About one in six European companies that employ at least ten persons sold products and/or services via a website or apps last year. Among those companies, almost all of them sold to their own country, while less than half sold to customers located in other EU member states. Over a quarter of online-selling companies sold to non-EU customers.
These statistics were shared by Eurostat, which notices that the share of EU enterprises making web sales increased from 12 percent in 2010 to around 16 percent in 2014. “And since then, it has been relatively stable.”
97 percent of EU companies that sold online last year, did this to customers in their own country, while 44 percent sold to customers living in other countries that are part of the European Union. And 28 percent also sold to non-EU customers.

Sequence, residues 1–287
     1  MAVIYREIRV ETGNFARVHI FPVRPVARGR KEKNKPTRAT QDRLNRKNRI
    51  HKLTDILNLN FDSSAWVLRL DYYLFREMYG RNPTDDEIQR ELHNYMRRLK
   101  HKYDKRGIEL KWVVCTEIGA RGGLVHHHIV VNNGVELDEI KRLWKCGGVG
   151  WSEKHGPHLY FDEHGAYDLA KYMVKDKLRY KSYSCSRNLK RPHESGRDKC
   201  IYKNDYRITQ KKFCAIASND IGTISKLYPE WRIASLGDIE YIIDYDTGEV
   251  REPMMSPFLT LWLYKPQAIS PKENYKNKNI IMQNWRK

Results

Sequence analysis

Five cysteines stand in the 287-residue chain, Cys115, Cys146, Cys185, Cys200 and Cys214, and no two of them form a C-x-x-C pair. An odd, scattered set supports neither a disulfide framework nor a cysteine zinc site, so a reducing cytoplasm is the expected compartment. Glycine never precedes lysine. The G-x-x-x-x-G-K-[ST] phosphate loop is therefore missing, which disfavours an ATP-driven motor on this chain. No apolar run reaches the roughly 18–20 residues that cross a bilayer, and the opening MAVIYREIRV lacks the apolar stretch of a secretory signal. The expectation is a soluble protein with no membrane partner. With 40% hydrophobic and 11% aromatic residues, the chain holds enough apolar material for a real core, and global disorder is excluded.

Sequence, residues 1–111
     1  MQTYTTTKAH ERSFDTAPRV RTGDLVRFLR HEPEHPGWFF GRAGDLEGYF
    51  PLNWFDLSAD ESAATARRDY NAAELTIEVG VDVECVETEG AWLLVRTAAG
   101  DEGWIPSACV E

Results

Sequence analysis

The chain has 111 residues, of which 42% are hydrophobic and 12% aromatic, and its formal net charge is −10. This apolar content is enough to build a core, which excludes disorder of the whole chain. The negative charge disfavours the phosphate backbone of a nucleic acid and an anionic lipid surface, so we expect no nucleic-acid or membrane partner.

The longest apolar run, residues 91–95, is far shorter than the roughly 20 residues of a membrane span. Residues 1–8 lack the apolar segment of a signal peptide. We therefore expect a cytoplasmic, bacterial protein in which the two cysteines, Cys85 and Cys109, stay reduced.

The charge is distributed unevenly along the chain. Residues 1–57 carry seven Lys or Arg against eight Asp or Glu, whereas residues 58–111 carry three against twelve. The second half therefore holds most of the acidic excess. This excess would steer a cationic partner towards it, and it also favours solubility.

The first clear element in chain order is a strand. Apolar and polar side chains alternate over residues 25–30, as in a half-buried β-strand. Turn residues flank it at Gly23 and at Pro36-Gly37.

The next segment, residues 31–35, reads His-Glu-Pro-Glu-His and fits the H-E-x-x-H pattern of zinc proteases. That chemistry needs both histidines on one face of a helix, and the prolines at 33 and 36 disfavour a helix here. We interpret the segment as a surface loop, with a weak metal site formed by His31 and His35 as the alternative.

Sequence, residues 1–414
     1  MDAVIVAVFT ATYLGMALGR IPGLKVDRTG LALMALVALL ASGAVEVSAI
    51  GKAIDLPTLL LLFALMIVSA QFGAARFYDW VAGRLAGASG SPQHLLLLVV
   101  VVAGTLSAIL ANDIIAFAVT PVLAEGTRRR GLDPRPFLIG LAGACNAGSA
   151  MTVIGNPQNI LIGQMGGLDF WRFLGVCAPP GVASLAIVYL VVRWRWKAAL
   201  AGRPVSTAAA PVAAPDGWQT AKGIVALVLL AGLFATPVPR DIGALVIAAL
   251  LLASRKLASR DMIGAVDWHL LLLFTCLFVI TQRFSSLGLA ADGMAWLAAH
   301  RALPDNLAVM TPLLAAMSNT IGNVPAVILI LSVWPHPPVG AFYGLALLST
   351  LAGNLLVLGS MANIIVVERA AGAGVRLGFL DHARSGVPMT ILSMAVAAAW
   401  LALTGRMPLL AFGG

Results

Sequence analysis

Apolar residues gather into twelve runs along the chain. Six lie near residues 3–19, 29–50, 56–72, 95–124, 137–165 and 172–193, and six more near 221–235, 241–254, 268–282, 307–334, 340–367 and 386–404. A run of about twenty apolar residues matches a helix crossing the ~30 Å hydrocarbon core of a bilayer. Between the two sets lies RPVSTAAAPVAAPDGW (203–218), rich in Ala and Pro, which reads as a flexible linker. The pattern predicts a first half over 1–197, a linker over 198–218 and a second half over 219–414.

The European Union is trying hard to turn the region into one digital single market, in which buying something online should be going as easy and smooth as buying something from a physical retail store, regardless of where the customer is from within the European Union.
38% reported problems with selling to other EU countries
Still, almost two in every five companies that sell online to other EU member states, reported difficulties in doing so. This was mostly due to the costs of delivery and/or the linguistic barriers. Also adapting product labeling and/or judicial reasons related for instance to resolving complaints and disputes were among the popular reasons companies reported difficulties for their web sales.
Whereas the EU average share of companies selling online is 16 percent, it’s much higher in Ireland (26%), Sweden (25%) and Denmark (24%). In Romania (7%), Bulgaria and Poland (both 9%) however, there are still not many companies that sell products and/or services via an website or app.